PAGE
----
Michael Calvin: Does three-per-cent solution for agents actually hold water?

THE LAST WORD

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The Independent Online

It might have been overshadowed by Louis van Gaal’s supposed application of astrology and Arsène Wenger’s apparent introduction of left-footed footballs, but the attempt to slash the earnings of football agents has the potential to be the greatest of April Fools’ pranks, simply because it is true.

Sepp Blatter is preoccupied by his principal ambition to win the Nobel Peace Prize, but Fifa’s deregulation of agents, rebranded as intermediaries from 1 April, with the suggestion their commission is limited to three per cent, shows the old rascal hasn’t lost his touch.

It is a populist gesture, long overdue, which in England passes the buck to the Football Association. They are now obliged to deal with the ire of Mel Stein, chairman of the Association of Football Agents. He warns of a descent into “wild west” behaviour, as if current arrangements are as prim and proper as a Victorian tea dance.

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Romelu Lukaku's new agent suggested the striker would not have joined Everton last season if they were working together then

Stein, Paul Gascoigne’s former representative, has complained to the European Commission and spoken darkly of restraint of trade. He is lobbying for self-regulation, since, in his view, all intermediaries “need to do is to be able to write their name and not have a criminal record”.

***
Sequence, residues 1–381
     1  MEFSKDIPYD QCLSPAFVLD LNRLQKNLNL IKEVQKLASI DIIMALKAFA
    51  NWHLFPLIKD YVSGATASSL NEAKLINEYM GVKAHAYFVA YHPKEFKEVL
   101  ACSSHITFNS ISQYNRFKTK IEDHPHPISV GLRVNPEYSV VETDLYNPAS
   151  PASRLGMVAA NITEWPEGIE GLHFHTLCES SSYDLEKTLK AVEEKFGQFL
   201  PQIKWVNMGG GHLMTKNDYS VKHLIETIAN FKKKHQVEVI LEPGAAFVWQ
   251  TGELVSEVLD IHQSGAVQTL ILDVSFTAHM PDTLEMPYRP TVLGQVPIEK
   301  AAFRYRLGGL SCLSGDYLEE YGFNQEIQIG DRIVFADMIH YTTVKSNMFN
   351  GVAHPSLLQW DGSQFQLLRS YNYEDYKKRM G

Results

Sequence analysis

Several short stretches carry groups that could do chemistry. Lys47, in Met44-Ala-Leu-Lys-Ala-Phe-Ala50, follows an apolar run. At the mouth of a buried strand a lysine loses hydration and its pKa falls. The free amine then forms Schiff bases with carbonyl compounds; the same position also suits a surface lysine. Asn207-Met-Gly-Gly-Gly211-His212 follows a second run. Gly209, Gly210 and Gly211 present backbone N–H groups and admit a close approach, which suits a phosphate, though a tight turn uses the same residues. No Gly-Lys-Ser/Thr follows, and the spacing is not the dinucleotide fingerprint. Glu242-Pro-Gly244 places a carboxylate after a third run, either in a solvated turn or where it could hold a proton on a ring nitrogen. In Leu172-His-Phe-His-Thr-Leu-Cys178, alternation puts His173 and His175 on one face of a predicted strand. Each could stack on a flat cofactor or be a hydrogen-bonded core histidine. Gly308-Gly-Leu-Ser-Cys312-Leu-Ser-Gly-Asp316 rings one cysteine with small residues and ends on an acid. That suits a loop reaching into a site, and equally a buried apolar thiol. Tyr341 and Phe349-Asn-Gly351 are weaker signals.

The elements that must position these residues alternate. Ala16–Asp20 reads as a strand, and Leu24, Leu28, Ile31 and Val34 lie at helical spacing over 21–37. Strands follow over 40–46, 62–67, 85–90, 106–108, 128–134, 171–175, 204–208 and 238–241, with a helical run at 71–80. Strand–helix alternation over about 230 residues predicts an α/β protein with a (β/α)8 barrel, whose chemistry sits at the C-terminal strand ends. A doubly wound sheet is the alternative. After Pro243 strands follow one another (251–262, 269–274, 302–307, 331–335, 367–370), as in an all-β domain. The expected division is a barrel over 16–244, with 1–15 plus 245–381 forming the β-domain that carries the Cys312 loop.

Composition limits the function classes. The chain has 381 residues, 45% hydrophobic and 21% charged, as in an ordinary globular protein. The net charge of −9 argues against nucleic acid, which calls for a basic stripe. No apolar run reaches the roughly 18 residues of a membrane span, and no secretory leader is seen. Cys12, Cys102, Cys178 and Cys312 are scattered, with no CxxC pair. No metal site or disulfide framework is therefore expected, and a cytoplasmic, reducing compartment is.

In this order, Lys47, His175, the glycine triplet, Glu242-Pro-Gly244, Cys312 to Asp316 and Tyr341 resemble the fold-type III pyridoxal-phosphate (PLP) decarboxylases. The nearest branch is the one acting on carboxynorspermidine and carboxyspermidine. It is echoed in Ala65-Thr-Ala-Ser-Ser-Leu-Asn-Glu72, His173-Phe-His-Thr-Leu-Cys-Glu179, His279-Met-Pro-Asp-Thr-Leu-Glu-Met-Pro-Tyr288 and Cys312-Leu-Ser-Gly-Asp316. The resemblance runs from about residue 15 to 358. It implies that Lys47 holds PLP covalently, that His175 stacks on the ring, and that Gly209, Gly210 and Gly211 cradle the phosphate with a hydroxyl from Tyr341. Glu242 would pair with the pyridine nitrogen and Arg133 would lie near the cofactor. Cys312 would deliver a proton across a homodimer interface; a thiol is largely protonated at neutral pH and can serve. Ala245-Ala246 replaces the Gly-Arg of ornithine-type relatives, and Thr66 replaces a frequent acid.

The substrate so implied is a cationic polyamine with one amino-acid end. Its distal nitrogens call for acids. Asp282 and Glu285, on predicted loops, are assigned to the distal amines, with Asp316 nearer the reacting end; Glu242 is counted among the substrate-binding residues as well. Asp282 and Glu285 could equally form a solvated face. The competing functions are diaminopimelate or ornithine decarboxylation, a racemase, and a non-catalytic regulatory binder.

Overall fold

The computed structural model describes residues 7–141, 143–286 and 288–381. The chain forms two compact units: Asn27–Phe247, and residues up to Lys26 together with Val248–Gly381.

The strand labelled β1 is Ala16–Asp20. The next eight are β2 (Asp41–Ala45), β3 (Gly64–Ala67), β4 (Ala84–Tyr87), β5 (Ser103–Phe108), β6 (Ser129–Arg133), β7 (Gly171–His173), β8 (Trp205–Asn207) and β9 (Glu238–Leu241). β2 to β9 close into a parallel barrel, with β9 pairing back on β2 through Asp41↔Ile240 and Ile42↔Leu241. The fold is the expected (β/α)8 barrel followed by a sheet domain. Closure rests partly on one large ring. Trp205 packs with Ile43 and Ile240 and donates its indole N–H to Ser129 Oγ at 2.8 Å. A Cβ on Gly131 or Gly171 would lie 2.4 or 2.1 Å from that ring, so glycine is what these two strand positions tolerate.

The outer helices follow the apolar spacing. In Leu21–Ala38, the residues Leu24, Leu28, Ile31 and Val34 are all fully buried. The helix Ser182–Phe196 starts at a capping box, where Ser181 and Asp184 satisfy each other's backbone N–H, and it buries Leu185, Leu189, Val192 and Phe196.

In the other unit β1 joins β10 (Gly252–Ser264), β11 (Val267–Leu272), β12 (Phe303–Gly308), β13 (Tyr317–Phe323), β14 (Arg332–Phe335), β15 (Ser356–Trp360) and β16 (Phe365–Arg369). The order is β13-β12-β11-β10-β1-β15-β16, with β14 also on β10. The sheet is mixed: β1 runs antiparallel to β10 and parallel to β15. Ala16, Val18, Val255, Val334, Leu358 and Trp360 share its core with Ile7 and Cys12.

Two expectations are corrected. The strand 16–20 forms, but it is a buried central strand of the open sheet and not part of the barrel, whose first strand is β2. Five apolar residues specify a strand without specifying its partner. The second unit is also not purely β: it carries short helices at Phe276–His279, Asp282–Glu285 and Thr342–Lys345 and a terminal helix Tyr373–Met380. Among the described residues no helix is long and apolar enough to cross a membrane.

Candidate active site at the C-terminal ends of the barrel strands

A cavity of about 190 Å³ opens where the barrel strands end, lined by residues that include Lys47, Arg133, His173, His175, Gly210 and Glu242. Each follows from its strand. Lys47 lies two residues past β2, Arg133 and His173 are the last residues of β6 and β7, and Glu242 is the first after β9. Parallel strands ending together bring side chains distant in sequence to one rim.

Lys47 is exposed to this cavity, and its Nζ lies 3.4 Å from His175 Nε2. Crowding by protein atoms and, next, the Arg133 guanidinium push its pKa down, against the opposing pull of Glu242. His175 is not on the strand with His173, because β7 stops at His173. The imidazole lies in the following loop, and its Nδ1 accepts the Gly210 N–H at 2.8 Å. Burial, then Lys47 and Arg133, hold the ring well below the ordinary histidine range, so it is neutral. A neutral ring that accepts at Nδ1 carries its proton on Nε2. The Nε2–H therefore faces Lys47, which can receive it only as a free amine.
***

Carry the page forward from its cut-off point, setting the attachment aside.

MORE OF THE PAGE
In the short term, little will change. Stage-managed sagas, in which multi-millionaire players profess faux loyalty and prove their fluency in the  doublespeak of contract negotiation, will drag on through the summer.

Agents may exist largely in shadow, but their names are becoming tiresomely familiar. Aidy Ward is the new kid on the block, apparently up to such old tricks as overseeing unsanctioned television interviews for his most prominent clients, Raheem Sterling and Saido Berahino.

Roberto Martinez’s contention that Romelu Lukaku’s newly confirmed alliance with Mino Raiola would not be to Everton’s detriment was exposed as hopelessly naïve when the ebullient Neopolitan immediately linked the Belgian striker with PSG, Manchester City, Manchester United and Bayern Munich.

We await the latest missive from Yaya Touré’s representative Dimitri Seluk, a bulbous man with a faintly inappropriate fondness for white trousers who veers between fawning praise for City’s petro-politicians and  protests that his client is being treated as a wage slave.

He embodies Stein’s major problem in being taken seriously, the corralling of pantomime personalities into something resembling corporate convention. Agents are quite happy to hijack deals for personal advancement; the collective noun for their trade should probably be a conspiracy.

Footballers do require professional assistance available from the reputable majority. Pete Fairchild, of financial management experts Smith & Williamson, told squawka.com of one Premier League player who was consistently overdrawn at the bank and unable to afford pension contributions, despite earning £65,000 a week.

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Yaya Toure has been agitating for a move